Chronic granulomatous disease (CGD) is an inherited disorder characterized by recurrent infections and deregulated inflammatory responses. CGD is caused by mutations in subunits of the NADPH oxidase, an enzyme that generates reactive oxygen species in phagocytes. To elucidate the contribution of the proinflammatory protease caspase-1 to aberrant inflammatory reactions in CGD, we analyzed cells isolated from patients with defects in the phagocyte oxidase subunits p22phox, p47phox or gp91phox. We report that mononuclear phagocytes from CGD patients activated caspase-1 and produced biologically active interleukin-1beta (IL-1beta) in response to danger signals. Notably, caspase-1 activation and IL-1beta secretion from CGD monocytes was elevated in asymptomatic patients and strongly increased in patients with noninfectious inflammatory conditions. Treatment with IL-1 receptor antagonist reduced IL-1 production in monocytes ex vivo and during medical therapy. Our results identify phagocyte oxidase defective monocytes as a source of elevated IL-1 and provide a potential therapeutic option to ameliorate inflammatory conditions associated with CGD.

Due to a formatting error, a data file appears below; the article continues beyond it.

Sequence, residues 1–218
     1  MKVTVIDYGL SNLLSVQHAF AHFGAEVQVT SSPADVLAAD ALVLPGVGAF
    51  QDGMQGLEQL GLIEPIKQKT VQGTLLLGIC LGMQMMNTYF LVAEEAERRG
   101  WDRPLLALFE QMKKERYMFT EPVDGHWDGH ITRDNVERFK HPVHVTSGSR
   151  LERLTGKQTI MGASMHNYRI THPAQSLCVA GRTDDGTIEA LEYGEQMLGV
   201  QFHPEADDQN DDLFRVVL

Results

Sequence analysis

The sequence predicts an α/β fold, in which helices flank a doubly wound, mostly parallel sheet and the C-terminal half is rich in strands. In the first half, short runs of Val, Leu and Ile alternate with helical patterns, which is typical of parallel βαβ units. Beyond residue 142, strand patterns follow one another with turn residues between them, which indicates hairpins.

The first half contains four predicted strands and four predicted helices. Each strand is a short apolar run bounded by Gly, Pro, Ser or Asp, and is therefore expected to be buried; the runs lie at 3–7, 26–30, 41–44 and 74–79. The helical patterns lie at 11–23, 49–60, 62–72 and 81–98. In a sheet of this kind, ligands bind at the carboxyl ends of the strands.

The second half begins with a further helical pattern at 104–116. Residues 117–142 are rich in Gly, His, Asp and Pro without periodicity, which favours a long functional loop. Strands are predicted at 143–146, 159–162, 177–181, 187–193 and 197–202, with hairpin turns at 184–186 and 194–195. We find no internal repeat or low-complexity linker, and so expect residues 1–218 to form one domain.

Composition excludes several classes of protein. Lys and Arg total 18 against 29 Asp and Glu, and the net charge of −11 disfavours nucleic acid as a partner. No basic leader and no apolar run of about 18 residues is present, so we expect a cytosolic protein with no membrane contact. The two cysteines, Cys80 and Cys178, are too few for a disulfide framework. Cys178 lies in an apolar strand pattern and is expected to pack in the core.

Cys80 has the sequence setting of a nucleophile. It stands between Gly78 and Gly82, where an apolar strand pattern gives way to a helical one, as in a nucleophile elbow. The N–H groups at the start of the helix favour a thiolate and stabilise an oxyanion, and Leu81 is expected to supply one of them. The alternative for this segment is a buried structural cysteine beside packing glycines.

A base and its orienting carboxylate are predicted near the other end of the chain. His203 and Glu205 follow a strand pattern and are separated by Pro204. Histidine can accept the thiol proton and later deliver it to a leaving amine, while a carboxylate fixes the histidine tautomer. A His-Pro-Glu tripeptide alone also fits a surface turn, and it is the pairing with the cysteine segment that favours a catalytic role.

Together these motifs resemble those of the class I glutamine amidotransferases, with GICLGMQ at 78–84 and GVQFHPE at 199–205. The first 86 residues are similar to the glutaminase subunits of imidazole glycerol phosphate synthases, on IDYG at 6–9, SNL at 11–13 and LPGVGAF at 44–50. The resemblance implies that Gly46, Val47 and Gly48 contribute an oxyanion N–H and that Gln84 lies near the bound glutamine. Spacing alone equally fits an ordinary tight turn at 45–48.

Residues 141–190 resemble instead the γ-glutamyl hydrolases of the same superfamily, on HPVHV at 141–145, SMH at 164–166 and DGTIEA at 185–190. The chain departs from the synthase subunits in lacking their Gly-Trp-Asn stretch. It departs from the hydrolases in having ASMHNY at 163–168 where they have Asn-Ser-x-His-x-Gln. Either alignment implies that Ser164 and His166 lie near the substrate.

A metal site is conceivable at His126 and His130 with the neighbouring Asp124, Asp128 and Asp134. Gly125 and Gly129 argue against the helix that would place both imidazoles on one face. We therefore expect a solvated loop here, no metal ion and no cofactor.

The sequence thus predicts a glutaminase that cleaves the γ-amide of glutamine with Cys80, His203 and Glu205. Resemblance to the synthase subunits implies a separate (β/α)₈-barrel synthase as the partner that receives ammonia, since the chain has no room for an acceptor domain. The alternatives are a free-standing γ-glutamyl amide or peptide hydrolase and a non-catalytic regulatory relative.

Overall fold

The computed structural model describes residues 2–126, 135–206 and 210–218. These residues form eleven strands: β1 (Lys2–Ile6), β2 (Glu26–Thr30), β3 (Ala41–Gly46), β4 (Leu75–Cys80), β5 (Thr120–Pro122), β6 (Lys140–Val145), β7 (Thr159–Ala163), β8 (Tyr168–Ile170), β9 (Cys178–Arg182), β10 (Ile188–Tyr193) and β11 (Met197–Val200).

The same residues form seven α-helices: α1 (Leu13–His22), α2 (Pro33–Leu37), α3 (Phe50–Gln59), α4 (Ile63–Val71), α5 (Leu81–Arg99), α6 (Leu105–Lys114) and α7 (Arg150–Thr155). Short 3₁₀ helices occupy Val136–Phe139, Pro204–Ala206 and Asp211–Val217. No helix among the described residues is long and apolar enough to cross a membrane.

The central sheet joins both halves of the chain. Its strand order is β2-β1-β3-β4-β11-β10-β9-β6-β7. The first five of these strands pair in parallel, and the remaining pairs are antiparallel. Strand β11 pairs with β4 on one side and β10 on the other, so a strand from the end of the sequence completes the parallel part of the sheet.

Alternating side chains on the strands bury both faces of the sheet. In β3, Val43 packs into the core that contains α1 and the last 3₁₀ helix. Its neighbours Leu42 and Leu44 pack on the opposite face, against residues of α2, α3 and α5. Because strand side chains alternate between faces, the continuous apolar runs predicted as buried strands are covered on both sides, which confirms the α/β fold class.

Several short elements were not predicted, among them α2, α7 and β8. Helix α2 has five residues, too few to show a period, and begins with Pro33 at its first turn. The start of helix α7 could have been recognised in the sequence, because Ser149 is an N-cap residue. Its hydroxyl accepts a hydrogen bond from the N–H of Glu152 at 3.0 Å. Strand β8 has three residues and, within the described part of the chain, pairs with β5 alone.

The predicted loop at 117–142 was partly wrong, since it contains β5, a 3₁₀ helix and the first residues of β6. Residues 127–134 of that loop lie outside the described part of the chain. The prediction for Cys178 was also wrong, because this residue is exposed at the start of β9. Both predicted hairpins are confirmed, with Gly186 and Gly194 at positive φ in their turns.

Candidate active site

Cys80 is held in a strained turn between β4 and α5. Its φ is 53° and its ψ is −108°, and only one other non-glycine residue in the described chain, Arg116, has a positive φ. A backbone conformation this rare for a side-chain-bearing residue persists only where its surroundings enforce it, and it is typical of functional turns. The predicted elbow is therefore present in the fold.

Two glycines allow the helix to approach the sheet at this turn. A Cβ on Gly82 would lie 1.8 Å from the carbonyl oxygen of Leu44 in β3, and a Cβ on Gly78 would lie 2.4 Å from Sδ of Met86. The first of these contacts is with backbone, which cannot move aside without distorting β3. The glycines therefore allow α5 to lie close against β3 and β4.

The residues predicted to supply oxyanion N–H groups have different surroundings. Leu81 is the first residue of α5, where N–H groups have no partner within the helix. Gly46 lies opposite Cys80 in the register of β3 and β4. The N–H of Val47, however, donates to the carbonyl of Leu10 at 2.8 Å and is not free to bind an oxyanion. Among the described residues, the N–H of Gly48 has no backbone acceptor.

Nature Structural & Molecular Biology. Jul, 2010 | Pubmed ID: 20543831
Pathogenic Gram-negative bacteria use a type three secretion system (TTSS) to deliver virulence factors into host cells. Although the order in which proteins incorporate into the growing TTSS is well described, the underlying assembly mechanisms are still unclear. Here we show that the TTSS needle protomer refolds spontaneously to extend the needle from the distal end. We developed a functional mutant of the needle protomer from Shigella flexneri and Salmonella typhimurium to study its assembly in vitro. We show that the protomer partially refolds from alpha-helix into beta-strand conformation to form the TTSS needle. Reconstitution experiments show that needle growth does not require ATP. Thus, like the structurally related flagellar systems, the needle elongates by subunit polymerization at the distal end but requires protomer refolding. Our studies provide a starting point to understand the molecular assembly mechanisms and the structure of the TTSS at atomic level.